3) In the meantime, downstairs in the kitchen, Roger, the dishwasher, is complaining about the skin rash he has developed as a result of long periods of washing up. Although rubber gloves are available, most employees do not use them. Colin, the head chef, is getting fed up with Roger and in his anger, knocks Roger unconscious with a frying pan. Does Ben, the Hotel Owner, owe Roger a non-delegable duty of care as an employer to provide a safe working environment? Can Roger bring a claim in vicarious liability against Ben for Colin’s actions.
 
4) Meanwhile, Mark decides to go to the Hotel pool for a swim. A sign on the pool door reads: ‘Pool closed between 7.00pm and 7.00 am. No entry to visitors during these hours; ‘Dangerous when unattended’. Mark reads but ignores the sign and enters. He cannot find the light so just jumps in. In fact, the pool has been emptied and Mark is badly injured and tears his expensive designer swimming trunks. Under the Occupiers’ Liability Act, will Mark be able to claim for the cost of his designer swimming trunks.   Is the Poshplace Hotel liable to Mark under the Occupiers’ Liability Act 1957. Can the Poshplace Hotel exclude liability to Mark under the Occupiers’ Liability Act 1984 because of its warning notice.

 

 
 

Solution:

Answer 1: There are certain similarities in case of the law of contract and tort. For example, both of them fall under the civil law. In both cases, an action is initiated by the claimant against the defendant and in both cases, the claimant is required to establish its case on balance of probabilities. In case of tort as well as the law of contract, the remedies can be avoided if the loss suffered by the claimant is not too remote from the beach of the defendant. Similarly in both cases, generally the remedies are intended to compensate the claimant instead of punishing the defendant (Currie and Cameron, 2000). However at the same time, there are certain significant differences between the law of contract and tort. In case of a claim under tort, it is possible that the defendant did not have any previous relationship or transaction with the claimant. On the other hand, in case of a claim under the law of contract, it is necessary that the claimant and the defendant should be the parties to the contract.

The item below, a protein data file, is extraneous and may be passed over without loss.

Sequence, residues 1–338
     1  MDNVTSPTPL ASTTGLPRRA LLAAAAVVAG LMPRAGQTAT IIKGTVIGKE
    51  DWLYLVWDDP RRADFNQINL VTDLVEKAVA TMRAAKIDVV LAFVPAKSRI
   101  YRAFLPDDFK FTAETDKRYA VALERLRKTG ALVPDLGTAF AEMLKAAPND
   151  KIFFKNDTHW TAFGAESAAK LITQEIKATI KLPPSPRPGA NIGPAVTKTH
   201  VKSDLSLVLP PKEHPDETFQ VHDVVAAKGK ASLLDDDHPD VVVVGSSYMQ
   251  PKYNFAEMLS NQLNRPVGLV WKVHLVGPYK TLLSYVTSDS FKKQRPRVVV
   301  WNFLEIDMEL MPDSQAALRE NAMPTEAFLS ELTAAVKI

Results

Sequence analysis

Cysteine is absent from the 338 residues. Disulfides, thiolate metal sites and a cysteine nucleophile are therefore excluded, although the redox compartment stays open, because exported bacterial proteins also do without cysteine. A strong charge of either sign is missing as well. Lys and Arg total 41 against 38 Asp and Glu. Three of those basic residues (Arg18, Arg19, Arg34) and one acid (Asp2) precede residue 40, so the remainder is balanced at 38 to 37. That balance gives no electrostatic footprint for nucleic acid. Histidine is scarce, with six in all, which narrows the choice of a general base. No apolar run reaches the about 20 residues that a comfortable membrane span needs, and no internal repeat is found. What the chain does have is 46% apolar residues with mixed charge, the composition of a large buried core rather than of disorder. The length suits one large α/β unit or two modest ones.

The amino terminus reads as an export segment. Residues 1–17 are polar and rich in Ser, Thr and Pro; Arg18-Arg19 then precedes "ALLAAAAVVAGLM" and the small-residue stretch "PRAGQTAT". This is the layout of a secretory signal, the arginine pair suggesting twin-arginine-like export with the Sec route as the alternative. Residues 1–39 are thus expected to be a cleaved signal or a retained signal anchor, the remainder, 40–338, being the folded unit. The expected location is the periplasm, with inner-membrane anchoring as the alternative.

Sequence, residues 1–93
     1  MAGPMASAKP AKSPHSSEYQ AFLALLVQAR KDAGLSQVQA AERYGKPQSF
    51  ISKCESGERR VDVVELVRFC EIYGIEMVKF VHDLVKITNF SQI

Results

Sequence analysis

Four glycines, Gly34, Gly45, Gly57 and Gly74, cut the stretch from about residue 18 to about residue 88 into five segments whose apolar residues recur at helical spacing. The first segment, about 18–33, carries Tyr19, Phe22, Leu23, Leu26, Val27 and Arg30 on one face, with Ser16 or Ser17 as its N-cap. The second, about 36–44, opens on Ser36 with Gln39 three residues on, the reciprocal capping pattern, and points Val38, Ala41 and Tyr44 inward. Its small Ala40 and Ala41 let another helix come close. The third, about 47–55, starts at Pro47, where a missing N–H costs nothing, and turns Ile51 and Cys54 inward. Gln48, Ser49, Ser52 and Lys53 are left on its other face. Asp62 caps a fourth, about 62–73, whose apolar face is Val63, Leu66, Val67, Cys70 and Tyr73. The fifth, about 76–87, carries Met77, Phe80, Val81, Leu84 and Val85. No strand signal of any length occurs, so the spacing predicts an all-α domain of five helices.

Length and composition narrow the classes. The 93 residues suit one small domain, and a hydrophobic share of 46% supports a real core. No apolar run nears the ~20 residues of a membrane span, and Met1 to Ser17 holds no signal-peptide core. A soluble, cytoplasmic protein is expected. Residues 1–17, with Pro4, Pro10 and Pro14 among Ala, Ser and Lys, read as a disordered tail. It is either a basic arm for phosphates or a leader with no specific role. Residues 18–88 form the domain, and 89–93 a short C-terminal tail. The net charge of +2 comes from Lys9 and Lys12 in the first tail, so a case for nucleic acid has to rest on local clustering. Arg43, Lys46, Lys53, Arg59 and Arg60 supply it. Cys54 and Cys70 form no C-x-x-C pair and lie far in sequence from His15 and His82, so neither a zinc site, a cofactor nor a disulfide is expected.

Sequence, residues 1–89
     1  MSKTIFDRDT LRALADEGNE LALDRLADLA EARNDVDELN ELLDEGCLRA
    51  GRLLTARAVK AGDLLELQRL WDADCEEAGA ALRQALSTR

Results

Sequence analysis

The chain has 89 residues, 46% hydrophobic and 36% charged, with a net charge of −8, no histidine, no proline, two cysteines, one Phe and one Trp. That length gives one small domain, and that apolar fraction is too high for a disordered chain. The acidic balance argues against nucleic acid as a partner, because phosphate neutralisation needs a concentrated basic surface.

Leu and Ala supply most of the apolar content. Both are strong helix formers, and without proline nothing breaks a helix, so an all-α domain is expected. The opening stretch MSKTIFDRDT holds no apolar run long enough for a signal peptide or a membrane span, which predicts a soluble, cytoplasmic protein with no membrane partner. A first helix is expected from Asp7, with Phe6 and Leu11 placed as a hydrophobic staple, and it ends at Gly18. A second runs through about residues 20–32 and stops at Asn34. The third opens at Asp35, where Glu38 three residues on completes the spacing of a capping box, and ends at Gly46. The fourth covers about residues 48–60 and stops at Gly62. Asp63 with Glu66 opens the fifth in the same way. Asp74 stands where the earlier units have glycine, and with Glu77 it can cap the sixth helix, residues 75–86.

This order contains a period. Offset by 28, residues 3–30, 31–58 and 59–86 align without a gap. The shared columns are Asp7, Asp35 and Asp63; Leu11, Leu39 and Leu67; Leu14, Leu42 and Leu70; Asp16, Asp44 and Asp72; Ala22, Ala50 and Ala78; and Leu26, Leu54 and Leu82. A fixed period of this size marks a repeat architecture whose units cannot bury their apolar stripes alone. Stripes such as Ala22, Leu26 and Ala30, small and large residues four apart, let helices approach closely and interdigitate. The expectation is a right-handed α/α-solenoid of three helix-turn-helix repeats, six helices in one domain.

Answer 2: In the present case, due to the reason that the gardener of Poshplace Hotel, Neil has entered the room of Mark during the night with the help of a stolen master key, and took away the valuable indeed jewelry of Mark, it needs to be decided if Mark has a claim against Poshplace Hotel in accordance with the ordinary principles of negligence. On the other hand, it also been decided if Mark has a claim against the Hotel in vicarious liability. An employer can be considered as vicariously liable for the acts of its employees done during the course of employment (Payne, 1958). However in the present case, the theft has been committed by the gardener of the hotel and that too with the help of the master key to the room that was stolen from the hotel. As a result, according to the ordinary negligence principles, Mark has a claim against Poshplace Hotel. The reason is that it was the responsibility of Poshplace Hotel to provide safe accommodation to its guests including Mark. But in the present case, the gardener of the hotel has committed the theft. At the same time, the hotel has also been negligent when Neil succeeded in stealing the master key to Mark's room due to which he was able to enter the room during the night and threatened Mark to hand over the antique jewelry. But in this case, it cannot be said that Poshplace Hotel can be held vicariously liable for the acts of hotel gardener, Neil. The reason is that an employer is vicariously liable for the acts of the employers that have been committed during the course of employment. In the present case, in order to establish vicarious liability of Poshplace Hotel, it is necessary to establish that the act of Neil falls within the course of employment.